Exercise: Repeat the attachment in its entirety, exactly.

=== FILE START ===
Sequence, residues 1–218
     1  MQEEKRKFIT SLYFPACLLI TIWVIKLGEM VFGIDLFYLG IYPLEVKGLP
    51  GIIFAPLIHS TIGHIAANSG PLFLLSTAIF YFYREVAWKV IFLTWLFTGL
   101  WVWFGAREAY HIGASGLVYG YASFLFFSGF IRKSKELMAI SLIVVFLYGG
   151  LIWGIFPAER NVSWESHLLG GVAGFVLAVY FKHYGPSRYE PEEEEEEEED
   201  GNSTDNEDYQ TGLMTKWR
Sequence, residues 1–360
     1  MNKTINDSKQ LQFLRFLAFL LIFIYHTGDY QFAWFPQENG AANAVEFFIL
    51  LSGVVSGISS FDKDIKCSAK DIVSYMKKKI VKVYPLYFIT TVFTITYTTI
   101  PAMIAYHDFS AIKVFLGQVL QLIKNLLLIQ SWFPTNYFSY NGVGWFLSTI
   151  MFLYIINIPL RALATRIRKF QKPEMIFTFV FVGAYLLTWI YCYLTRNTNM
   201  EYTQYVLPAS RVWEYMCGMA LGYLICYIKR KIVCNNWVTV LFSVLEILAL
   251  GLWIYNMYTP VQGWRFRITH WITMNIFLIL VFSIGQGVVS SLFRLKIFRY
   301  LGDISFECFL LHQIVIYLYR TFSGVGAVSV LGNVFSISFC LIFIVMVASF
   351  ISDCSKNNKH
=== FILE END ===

Sequence, residues 1–218
     1  MQEEKRKFIT SLYFPACLLI TIWVIKLGEM VFGIDLFYLG IYPLEVKGLP
    51  GIIFAPLIHS TIGHIAANSG PLFLLSTAIF YFYREVAWKV IFLTWLFTGL
   101  WVWFGAREAY HIGASGLVYG YASFLFFSGF IRKSKELMAI SLIVVFLYGG
   151  LIWGIFPAER NVSWESHLLG GVAGFVLAVY FKHYGPSRYE PEEEEEEEED
   201  GNSTDNEDYQ TGLMTKWR
Sequence, residues 1–360
     1  MNKTINDSKQ LQFLRFLAFL LIFIYHTGDY QFAWFPQENG AANAVEFFIL
    51  LSGVVSGISS FDKDIKCSAK DIVSYMKKKI VKVYPLYFIT TVFTITYTTI
   101  PAMIAYHDFS AIKVFLGQVL QLIKNLLLIQ SWFPTNYFSY NGVGWFLSTI
   151  MFLYIINIPL RALATRIRKF QKPEMIFTFV FVGAYLLTWI YCYLTRNTNM
   201  EYTQYVLPAS RVWEYMCGMA LGYLICYIKR KIVCNNWVTV LFSVLEILAL
   251  GLWIYNMYTP VQGWRFRITH WITMNIFLIL VFSIGQGVVS SLFRLKIFRY
   301  LGDISFECFL LHQIVIYLYR TFSGVGAVSV LGNVFSISFC LIFIVMVASF
   351  ISDCSKNNKH